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Conformity Bias

Conformity bias describes our tendency to take cues for proper behavior from the actions of others rather than exercise our own independent judgment.

Discussion Questions

1. Can you think of a time when you did something just because everyone else was doing it—even when it didn’t feel quite right to you? Do you regret it now?

2. It was recently observed that “cheating is contagious.” Does that sound true to you? Why or why not? If it is true, why might this be the case?

3. Loyalty is generally considered a good quality. When a group to which you owe loyalty seems to be making a decision that seems unethical to you, how should you go about trying to balance your loyalty to the group against your own ethical integrity? Have you had an experience like that? If so, how did you resolve it?

4. Can you explain how “groupthink” works? Can you think of a time when you have been subject to groupthink?

5. In the Harry Potter books, Albus Dumbledore told Harry: “It takes a great deal of bravery to stand up to our enemies, but just as much to stand up to our friends.” Do you have advice for people regarding how they can muster such bravery? Any personal experience to share?

6. How can an organization that wants its employees to make decisions in accordance with their own moral compass encourage them to do so?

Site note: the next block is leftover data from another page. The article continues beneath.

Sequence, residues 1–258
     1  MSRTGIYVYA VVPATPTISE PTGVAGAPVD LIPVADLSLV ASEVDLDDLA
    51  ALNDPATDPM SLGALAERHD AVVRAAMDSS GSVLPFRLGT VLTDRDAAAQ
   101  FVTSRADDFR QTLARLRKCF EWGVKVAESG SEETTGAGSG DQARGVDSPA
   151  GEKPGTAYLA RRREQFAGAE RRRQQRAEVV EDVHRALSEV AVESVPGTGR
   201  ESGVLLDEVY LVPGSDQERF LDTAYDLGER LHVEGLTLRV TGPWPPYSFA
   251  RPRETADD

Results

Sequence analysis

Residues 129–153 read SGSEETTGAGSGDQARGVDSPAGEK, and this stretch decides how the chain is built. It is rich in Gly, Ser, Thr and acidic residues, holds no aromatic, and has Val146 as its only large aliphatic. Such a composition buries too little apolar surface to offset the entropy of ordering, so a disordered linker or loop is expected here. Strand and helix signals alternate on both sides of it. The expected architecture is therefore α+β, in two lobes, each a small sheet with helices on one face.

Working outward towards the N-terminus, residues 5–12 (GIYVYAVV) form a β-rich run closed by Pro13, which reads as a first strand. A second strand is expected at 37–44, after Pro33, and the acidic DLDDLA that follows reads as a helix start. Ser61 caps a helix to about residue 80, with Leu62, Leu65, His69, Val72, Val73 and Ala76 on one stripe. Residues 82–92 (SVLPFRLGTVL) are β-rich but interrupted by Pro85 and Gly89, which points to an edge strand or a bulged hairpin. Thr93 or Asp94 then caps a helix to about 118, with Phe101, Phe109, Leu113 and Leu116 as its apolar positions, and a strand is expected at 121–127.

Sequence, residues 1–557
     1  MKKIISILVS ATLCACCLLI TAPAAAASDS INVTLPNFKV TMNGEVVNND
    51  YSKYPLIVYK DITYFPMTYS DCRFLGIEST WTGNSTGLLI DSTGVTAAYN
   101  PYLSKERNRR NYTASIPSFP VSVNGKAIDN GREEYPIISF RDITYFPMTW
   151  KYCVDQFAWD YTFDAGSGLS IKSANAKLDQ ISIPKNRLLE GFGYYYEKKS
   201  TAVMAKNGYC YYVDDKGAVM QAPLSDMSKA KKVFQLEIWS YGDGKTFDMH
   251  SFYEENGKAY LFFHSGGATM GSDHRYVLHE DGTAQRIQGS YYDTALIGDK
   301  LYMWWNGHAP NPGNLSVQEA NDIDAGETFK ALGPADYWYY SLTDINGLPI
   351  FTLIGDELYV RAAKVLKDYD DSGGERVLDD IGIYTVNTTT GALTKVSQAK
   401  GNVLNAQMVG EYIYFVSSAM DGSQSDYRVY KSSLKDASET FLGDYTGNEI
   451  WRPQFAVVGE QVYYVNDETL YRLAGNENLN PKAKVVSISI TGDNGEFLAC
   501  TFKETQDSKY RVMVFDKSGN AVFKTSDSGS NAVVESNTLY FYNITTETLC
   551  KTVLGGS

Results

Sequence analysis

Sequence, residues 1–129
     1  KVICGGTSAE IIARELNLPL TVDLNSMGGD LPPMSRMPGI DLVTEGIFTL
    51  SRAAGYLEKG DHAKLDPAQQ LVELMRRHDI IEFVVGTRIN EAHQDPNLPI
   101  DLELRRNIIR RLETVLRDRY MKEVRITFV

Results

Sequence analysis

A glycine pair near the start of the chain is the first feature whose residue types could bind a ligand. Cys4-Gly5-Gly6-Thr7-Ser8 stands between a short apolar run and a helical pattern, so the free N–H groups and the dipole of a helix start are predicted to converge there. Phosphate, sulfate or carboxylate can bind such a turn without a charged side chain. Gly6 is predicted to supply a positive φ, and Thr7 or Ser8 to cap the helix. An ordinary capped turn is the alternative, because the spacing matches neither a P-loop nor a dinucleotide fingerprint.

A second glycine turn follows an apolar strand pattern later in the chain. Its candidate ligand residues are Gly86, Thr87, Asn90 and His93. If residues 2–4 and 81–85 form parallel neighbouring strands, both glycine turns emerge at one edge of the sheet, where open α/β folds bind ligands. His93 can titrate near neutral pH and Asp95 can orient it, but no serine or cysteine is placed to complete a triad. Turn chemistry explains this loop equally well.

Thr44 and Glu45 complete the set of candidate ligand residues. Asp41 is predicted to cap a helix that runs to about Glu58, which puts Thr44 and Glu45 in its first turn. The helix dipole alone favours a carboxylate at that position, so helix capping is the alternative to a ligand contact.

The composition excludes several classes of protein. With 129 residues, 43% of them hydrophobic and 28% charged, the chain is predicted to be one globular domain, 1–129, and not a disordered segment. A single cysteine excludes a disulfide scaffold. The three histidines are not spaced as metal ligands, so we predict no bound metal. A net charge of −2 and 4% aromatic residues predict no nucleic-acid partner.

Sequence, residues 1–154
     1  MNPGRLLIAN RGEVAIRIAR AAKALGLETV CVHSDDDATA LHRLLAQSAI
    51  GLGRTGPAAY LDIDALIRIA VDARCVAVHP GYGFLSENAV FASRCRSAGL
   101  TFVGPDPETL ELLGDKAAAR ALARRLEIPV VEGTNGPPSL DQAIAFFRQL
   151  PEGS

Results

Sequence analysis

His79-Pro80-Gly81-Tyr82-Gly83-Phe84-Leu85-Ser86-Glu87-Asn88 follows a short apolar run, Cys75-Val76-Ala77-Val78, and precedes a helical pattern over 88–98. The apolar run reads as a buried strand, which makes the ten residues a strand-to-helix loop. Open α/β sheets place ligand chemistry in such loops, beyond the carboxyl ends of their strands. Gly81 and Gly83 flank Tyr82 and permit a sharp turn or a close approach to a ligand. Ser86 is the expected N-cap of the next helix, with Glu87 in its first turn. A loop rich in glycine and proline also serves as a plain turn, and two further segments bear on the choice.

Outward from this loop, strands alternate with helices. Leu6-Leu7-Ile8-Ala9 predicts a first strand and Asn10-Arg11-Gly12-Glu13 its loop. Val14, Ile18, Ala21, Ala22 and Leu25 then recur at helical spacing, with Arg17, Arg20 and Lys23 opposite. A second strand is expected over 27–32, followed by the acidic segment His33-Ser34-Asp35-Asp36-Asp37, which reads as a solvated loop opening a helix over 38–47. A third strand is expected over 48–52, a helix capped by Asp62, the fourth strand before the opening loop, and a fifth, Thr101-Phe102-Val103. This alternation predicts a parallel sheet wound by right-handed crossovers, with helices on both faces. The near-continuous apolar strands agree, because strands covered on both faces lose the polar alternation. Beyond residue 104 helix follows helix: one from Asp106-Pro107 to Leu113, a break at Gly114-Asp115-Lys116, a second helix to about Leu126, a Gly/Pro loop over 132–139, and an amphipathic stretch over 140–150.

German Police Battalion 101

German Police Battalion 101

During the Holocaust, ordinary Germans became willing killers even though they could have opted out from murdering their Jewish neighbors.


Teaching Notes

This video introduces the behavioral ethics bias known as conformity bias. Conformity bias refers to our tendency to take cues for proper behavior in most contexts from the actions of others rather than exercise our own independent judgment. Conformity bias may occur when we face peer pressure or are trying to fit into particular professional or social environments.

To learn about related behavioral ethics concepts, watch Obedience to Authority and Role Morality. To learn a method to voice oneself when facing conformity bias, watch the GVV video series, especially GVV Pillar 6: Voice.

The case study on this page, “Reserve Police Battalion 101,” takes a look at the dangers of conformity bias in the context of the Holocaust, in which many ordinary German men aided willingly aided Nazi officers in murdering millions of Jews. For a related case study that explores the dangers of obedience to authority facing a Nazi officer, see “Stangl & the Holocaust.”

Terms defined in our ethics glossary that are related to the video and case studies include: conformity bias, obedience to authority, and role morality.

Behavioral ethics draws upon behavioral psychology, cognitive science, evolutionary biology, and related disciplines to determine how and why people make the ethical and unethical decisions that they do. Much behavioral ethics research addresses the question of why good people do bad things. Many behavioral ethics concepts are explored in detail in Concepts Unwrapped, as well as in the video case study In It to Win: The Jack Abramoff Story. Anyone who watches all (or even a good part) of these videos will have a solid introduction to behavioral ethics.